There is a better, less expensive, and more humane policy than what San Francisco is pursuing. First, it makes no sense to use the most expensive land in the most expensive city in the state for a homeless shelter. Just imagine what San Francisco’s homeless budget of roughly $300 million per year—not counting the construction of the newest shelter—could buy in a lower cost-of-living location, such as California’s Central Valley. The cost of decent housing in major Central Valley cities such as Fresno and Stockton is less than 10 percent of that in San Francisco’s Embarcadero neighborhood. This means that for every homeless person housed in San Francisco, roughly eleven could be housed in lower cost locations.

This approach, however, would require the city to take legal conservatorship over those homeless persons who would refuse to move. It would also require coordination with a statewide homelessness policy that focuses on providing humane treatment to those with mental illness and substance abuse and which makes the most out of resources for this purpose by locating treatment facilities in lower cost-of-living areas.

This could make an enormous difference. Whereas many homeless advocates estimate that only 25 percent of the homeless suffer from mental illness and substance abuse, these estimates are typically from self-reported surveys of the homeless. In contrast, more reliable findings indicate that about 50 percent of the homeless suffer from mental health and substance abuse issues.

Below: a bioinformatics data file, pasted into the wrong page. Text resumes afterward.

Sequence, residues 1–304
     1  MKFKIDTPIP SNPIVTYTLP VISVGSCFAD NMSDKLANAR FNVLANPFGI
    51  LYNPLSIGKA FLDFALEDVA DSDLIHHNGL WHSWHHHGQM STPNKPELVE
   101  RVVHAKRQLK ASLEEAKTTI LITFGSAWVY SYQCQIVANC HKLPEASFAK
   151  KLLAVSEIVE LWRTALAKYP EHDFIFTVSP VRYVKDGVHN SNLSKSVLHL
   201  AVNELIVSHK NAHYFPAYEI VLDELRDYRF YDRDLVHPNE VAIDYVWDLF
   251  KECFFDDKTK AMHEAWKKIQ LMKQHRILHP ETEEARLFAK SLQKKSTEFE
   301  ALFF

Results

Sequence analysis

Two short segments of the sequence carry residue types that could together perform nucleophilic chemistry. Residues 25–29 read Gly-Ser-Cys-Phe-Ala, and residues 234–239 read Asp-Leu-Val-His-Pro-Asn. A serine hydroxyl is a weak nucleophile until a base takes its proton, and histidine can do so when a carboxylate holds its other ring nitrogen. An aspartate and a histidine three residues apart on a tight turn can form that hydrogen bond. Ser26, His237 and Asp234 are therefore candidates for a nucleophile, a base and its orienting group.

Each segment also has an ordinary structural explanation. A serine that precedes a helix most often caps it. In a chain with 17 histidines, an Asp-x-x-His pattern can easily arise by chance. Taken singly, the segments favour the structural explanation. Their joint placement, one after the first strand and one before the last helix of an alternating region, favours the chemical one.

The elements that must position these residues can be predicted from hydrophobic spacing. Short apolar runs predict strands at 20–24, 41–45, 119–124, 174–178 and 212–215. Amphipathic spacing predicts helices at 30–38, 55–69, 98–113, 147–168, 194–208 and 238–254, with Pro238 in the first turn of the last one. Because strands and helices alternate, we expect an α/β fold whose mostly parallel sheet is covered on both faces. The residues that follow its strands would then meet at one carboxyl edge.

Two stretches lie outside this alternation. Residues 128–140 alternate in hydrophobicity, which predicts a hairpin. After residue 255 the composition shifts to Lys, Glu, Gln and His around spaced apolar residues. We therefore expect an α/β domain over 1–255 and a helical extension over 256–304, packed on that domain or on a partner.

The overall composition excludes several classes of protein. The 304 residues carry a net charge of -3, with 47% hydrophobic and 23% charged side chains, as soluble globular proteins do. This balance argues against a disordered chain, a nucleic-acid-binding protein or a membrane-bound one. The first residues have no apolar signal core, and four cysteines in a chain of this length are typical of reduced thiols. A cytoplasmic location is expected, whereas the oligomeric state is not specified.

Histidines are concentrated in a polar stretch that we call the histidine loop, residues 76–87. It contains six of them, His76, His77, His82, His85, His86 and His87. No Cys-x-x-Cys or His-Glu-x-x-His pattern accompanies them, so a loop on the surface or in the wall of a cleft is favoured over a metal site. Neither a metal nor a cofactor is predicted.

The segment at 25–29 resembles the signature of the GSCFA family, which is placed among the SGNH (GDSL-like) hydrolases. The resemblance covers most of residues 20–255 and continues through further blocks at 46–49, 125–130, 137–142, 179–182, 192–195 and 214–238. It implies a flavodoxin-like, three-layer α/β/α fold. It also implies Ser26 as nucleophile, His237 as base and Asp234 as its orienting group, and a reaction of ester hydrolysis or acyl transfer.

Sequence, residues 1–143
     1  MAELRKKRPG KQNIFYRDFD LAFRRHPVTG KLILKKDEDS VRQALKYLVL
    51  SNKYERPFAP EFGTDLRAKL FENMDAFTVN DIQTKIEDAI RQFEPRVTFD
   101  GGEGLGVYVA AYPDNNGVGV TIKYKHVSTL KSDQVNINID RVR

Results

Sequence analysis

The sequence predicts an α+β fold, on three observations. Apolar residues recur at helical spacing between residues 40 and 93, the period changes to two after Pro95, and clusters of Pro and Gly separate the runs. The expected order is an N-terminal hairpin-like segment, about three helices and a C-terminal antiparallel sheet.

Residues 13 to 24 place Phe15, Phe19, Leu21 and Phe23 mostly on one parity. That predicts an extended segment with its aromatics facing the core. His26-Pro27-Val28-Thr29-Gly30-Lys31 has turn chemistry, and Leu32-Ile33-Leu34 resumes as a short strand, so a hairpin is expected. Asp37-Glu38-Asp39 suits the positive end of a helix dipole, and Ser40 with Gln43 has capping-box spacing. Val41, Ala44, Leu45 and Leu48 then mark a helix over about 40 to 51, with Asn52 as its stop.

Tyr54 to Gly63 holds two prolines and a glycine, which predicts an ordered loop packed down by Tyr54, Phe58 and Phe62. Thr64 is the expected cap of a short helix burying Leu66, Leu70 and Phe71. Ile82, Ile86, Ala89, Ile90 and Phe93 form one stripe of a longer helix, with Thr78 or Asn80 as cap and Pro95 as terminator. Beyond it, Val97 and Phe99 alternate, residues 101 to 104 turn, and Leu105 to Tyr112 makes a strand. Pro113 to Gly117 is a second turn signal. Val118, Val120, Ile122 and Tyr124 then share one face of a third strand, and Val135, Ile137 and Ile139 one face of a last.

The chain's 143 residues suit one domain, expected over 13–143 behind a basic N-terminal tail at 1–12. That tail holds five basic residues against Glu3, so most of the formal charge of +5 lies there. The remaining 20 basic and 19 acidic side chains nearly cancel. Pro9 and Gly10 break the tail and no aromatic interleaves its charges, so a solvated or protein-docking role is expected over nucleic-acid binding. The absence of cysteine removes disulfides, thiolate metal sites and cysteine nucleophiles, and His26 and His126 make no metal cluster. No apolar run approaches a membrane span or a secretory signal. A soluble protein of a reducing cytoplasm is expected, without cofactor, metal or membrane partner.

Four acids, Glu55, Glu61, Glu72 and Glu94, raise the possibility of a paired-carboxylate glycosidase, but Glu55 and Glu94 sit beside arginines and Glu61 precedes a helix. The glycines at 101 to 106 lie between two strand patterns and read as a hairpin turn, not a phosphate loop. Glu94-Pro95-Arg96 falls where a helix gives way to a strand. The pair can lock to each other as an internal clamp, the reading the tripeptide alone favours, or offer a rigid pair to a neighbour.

Locating new housing and treatment outside of the most expensive locations on the California coast will also likely face less resistance from existing residents, as many interior locations in the state remain depressed more than ten years after the financial crisis and these investments would improve local economies.

Developing this new approach for treating the chronic homeless who need medical treatment will allow the city to refocus homeless policies within San Francisco to provide an adequate safety net for those who need temporary support and shelter in order to move forward. This would improve the efficiency of shelters within the city that struggle with treating both the chronic homeless with mental health and substance abuse issues and the temporary homeless who have lost housing due to a very different set of circumstances.

An important reason why homelessness policies in San Francisco and in other expensive cities have failed is that they have not recognized the very difficult economic realities of trying to locate homeless treatment in the most expensive neighborhoods. Moving the homeless who need medical treatment for substance abuse and mental illness to lower-cost-of-living locations frees up resources that can be used to improve the lives of the homeless and to enhance public health, safety, and economic activity within the city. Status quo policies have done little to move the needle for decades. It is time to try something new.